So, what the zombie is there for, is to support the idea that the world includes two kinds of things: the mental and the physical, or the concepts and the physical world around you.
  • 03:38
    And so that's the idea.
  • 03:41
    So, we have in cosmology, lots of things. We have the anthropic principal, that is, a philosophical concept that the universe must be compatible with conscious life that observes it.
  • 03:49
    And there's a strong version and a weak version.
  • 03:52
    One of them that says the universe is compelled to have conscious life emerge, and the other says that the universe is fine-tuned for life to be necessary.
  • 04:00
    And this is pretty much in line with a lot of even more specific kind of ideas, from conservative Christianity and Islam, that there's intelligent design, or that there could be like a simulation. I'm working on you... so....
  • 04:17
    And we also have the idea of multiverses, that there are many different kinds... there's a metauniverse and there's many possible universes inside of it.
  • 04:25
    And there are different reasons for that, quantum mechanics, but also a way to explain whether physical constants happen to be the ones that make this auditorium possible.
  • 04:34
    And so, you know, one way is to have that many real universes, the other way is just to make a lot of simulations.
  • 04:41
    So, your choice. Okay, so now we move on.
  • 04:43
    Here's the crux of the arguments, and these arguments have been around for more than 30 years, they were first published 30 years ago, and what people went to a lot of trouble to show, that one of these three things is extremely likely to be true.
  • 04:58
    So, you get your choice between No. 1, No. 2 and No. 3, just like the doors, look what's behind each door.
  • 05:04
    The first one is: Human civilization is unlikely to reach a level of technological maturity capable of producing simulated realities, or it's physically impossible.
  • 05:14
    Okay, so we made some progress in 30 years and I'll mention that.
  • 05:17
    The second is: Comparable civilizations throughout the universe which do reach that capability will choose not to make simulations in such a large scale that, in fact, the probability of being a simulated being is much higher than probability of being a real being.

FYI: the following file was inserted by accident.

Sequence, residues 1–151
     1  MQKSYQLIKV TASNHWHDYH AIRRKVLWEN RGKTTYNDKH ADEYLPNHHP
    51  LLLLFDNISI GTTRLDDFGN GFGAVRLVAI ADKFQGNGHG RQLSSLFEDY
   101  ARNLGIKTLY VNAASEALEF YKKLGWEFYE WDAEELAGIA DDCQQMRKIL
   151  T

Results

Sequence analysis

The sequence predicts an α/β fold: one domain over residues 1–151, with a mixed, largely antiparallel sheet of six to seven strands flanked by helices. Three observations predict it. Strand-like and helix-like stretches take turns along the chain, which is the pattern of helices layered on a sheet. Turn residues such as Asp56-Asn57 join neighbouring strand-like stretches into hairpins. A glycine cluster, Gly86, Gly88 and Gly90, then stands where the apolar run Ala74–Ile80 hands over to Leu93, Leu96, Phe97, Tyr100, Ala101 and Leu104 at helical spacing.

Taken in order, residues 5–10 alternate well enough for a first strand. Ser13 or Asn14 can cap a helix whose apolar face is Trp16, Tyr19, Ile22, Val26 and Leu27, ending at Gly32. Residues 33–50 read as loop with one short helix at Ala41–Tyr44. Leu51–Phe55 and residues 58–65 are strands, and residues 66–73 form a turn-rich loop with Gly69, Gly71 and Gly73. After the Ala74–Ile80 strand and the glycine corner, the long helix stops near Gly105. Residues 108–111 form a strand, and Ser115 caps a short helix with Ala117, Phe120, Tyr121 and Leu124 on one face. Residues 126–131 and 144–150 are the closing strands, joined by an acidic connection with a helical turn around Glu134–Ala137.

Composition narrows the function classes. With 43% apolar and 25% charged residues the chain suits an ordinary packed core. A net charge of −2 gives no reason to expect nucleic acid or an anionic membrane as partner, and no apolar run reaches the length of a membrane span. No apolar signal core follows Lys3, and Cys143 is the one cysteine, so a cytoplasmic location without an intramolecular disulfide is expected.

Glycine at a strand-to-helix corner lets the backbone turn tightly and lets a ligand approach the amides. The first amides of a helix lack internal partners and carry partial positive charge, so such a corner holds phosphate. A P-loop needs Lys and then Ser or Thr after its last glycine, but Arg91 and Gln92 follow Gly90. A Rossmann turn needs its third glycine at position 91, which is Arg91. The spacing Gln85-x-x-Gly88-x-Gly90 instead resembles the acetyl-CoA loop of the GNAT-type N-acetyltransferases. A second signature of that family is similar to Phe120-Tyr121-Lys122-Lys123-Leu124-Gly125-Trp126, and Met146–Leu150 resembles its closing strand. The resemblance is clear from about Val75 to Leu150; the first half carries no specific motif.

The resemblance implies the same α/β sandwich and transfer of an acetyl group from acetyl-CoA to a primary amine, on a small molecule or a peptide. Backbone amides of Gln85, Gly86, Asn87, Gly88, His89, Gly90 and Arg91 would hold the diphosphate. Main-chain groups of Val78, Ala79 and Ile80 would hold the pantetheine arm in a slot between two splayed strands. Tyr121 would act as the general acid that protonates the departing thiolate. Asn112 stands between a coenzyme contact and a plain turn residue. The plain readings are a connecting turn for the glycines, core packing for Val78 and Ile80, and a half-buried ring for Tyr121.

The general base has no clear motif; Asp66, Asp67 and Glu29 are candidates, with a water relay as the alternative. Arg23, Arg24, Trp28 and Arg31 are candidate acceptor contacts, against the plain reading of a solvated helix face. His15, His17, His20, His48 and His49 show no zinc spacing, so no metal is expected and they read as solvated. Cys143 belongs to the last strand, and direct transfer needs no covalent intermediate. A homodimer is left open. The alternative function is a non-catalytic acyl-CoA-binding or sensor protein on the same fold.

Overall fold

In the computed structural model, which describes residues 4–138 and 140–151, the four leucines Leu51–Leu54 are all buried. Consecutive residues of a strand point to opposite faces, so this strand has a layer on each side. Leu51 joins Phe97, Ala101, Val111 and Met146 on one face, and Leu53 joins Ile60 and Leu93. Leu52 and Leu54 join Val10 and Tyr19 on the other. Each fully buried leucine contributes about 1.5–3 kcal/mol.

• 05:35
    So, those are your choices, right -- there's some other choices, but they're extraordinarily unlikely, and we can pretty much rule them out.
  • 05:44
    And the 3rd choice is: Any entities with our general set of experiences are almost certainly to be living in a simulation.
  • 05:50
    That would be us. Right? Okay? In case you guys aren't paying attention.
  • 05:55
    (Chuckles) Okay. So, let's talk about making simulator realities by humans.
  • 06:01
    So, will humans produce realistic simulations?
  • 06:03
    And the answer is yes.
  • 06:05
    I have to keep coming back because I just wrote this talk and so I don't remember what I have to say.
  • 06:10
    And, so, the answer to that is clearly yes, you guys already proved it, because there's a lot of money to be made in making computer games, simulated realities.
  • 06:21
    And the better the simulator reality, the more people you get involved in it.
  • 06:24
    There's a lot of entertainment, we have a lot of animated movies.
  • 06:27
    Now, we're going to have animated interactive movies and videos and pornography.
  • 06:32
    So, you know, you can't rule out pornography, in the early days of the Internet, pornography was the No. 1 commerce, it was roughly half the commerce in the Internet in the early days.
  • 06:42